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Intelligent Design, the best explanation of Origins

This is my personal virtual library, where i collect information, which leads in my view to Intelligent Design as the best explanation of the origin of the physical Universe, life, and biodiversity


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Intelligent Design, the best explanation of Origins » Bible / Christian faith / Apologetics » Evil: Why does God allow evil and suffering in the world?

Evil: Why does God allow evil and suffering in the world?

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Otangelo


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Evil: Why does God allow evil and suffering in the world?

There is an ultimate moral principle by which to measure good and evil. But in this case there is an ultimate moral standard. This standard emanates from Gods nature.

If God Is All-Powerful, Why Didn't He Create a World Without Suffering & Evil?
https://www.youtube.com/watch?v=X3kIj0j9oJg

John MacArthur: Why Does God Allow So Much Suffering and Evil?
https://www.youtube.com/watch?v=6LFzk1afiD8&fbclid=IwAR3m2Vq8v-ifqJXwG-TfCFqX3G8eAwj76HOjlZcS0lYsWJU19lnBI0dEbPA

Suffering and Evil: The Probability Version
https://www.youtube.com/watch?v=cxj8ag8Ntd4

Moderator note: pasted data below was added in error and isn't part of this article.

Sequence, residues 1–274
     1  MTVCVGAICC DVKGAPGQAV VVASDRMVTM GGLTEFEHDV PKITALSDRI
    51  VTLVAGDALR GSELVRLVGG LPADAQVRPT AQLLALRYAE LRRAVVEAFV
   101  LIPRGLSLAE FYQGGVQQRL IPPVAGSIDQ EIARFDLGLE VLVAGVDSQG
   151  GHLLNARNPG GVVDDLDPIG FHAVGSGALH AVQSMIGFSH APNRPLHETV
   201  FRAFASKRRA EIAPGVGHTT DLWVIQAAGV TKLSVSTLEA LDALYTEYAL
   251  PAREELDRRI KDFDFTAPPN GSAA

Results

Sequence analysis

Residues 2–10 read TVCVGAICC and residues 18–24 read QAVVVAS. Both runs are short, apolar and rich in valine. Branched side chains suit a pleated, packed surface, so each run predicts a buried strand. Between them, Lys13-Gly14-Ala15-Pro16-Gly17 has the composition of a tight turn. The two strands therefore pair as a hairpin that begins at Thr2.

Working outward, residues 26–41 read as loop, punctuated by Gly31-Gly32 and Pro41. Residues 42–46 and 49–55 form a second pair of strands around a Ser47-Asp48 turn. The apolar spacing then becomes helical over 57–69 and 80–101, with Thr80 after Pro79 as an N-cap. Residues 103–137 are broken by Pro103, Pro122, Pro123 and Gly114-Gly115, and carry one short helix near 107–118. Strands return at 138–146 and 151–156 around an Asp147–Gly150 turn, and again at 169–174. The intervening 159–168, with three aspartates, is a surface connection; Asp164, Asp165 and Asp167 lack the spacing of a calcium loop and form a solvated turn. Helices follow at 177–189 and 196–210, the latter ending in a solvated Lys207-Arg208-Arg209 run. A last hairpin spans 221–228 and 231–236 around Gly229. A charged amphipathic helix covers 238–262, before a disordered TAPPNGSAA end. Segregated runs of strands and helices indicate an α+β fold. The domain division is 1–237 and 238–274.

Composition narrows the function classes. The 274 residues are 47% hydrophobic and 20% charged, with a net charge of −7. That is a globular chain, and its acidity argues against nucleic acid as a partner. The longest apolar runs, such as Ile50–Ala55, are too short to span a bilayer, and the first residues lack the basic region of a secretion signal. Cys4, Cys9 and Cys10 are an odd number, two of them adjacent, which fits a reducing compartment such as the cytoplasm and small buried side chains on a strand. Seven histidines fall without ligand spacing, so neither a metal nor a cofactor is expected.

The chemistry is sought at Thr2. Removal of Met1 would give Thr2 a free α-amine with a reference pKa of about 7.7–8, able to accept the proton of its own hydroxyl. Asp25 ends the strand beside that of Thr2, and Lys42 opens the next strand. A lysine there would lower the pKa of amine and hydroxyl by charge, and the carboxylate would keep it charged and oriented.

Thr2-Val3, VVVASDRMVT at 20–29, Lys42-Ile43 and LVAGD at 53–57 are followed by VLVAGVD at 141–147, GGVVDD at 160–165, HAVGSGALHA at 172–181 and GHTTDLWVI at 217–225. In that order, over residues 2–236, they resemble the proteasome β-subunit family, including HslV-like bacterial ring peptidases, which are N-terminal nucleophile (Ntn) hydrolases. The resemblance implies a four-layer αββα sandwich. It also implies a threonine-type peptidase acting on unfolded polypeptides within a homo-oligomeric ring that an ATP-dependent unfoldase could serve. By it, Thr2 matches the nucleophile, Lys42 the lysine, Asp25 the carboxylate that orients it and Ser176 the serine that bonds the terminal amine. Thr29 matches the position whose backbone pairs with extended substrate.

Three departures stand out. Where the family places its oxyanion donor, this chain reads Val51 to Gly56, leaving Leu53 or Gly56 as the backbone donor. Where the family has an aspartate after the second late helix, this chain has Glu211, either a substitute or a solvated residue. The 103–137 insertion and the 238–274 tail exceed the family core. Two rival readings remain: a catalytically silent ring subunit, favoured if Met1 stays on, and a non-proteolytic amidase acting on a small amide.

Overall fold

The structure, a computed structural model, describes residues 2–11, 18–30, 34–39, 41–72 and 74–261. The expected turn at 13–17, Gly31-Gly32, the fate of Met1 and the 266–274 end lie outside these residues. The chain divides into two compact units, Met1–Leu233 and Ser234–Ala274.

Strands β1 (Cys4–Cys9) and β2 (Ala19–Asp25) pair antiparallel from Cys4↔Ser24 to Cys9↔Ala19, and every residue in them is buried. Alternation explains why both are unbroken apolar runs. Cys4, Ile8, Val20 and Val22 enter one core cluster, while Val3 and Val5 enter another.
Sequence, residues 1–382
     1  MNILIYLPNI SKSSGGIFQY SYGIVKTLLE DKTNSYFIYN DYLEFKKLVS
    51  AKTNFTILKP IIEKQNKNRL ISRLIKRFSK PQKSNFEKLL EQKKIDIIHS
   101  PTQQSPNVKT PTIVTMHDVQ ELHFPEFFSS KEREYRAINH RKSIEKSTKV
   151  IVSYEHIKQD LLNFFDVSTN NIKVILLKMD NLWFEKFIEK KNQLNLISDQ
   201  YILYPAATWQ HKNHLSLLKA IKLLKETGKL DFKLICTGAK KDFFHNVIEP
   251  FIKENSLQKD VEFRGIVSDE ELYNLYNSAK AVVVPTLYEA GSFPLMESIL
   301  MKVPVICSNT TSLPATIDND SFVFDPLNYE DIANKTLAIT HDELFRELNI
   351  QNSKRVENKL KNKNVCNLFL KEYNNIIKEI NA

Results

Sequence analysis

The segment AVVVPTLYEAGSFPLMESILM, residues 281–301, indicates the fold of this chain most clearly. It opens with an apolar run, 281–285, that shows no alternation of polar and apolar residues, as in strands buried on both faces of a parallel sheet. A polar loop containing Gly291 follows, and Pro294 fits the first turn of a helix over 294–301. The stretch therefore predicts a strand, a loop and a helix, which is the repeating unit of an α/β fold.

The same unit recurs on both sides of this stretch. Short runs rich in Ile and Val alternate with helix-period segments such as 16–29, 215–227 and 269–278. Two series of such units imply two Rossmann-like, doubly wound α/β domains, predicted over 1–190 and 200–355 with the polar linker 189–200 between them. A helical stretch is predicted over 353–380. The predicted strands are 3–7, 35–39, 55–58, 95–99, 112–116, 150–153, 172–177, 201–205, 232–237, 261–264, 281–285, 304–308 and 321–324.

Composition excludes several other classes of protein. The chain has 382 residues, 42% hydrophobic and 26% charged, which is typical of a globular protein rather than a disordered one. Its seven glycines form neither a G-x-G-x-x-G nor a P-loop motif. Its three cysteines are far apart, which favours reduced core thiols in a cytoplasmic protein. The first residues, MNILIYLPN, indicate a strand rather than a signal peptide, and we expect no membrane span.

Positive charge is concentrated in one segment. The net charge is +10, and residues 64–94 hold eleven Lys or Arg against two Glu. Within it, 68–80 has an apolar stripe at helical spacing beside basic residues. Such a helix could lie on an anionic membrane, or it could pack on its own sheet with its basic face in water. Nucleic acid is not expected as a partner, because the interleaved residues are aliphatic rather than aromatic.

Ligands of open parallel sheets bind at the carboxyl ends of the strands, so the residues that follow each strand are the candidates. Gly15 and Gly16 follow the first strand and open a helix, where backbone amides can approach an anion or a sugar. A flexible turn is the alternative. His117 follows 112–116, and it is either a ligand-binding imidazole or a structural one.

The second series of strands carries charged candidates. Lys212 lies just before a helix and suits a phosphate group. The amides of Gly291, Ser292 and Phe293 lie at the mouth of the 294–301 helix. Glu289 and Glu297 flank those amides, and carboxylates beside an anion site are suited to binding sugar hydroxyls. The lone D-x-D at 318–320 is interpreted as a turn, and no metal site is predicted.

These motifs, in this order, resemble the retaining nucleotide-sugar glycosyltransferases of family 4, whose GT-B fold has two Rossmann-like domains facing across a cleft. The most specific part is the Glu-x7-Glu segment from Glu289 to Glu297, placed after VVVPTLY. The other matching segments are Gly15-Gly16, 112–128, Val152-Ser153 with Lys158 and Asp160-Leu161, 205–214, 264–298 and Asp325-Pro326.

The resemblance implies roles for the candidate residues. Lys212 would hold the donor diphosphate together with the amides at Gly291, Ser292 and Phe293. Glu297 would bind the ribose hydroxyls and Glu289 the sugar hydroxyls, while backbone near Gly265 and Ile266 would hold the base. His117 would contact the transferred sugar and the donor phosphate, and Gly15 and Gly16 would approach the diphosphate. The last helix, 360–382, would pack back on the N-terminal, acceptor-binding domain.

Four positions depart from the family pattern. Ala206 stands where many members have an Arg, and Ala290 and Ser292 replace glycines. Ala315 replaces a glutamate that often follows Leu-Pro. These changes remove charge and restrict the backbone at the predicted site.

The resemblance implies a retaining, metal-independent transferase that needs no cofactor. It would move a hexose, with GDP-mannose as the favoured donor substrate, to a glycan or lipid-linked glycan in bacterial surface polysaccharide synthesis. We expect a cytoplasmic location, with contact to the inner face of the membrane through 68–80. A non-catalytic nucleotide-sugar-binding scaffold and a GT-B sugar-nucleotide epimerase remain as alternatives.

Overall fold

Suffering and Evil: The Logical Problem
https://www.youtube.com/watch?v=k64YJYBUFLM

Does the Old Testament condone rape?
http://apologeticspress.org/APContent.aspx?category=11&article=5197

Claim: A god that requires never-ending fear AND compulsory love is not a good god. A god that sanctions slavery is not a good god. A god that aborts a whole planet because of his own mistakes is not a good god. A god that commands his followers to massacre entire settlements, including women and children is not a good god. A god that visits infinite sadistic punishment for finite crimes is not a good god. The god of the bible visits so much pain horror and death upon the world, it would only be right to hunt down this psychopathic god-monster and kill it.

“Whenever we read the obscene stories, the voluptuous debaucheries, the cruel and torturous executions, the unrelenting vindictiveness, with which more than half the Bible is filled, it would be more consistent that we called it the word of a demon than the word of God. It is a history of wickedness, that has served to corrupt and brutalize mankind; and, for my part, I sincerely detest it, as I detest everything that is cruel.”
― Thomas Paine, The Age of Philosophy and Reason

God, being maximally great, must have omniscience.
Omniscience demands an objective perspective because subjectivity is a result of partial knowledge and understanding.
Objective omniscience means that God will be able to discern what is good at all times in all possible scenarios. It doesn’t just allow for it, it logically demands it.
Humans with free will run the world. Free will is a necessary good because it is the only thing from which personhood can be made. So the real problem is mankind, not God, and what we do with our free will.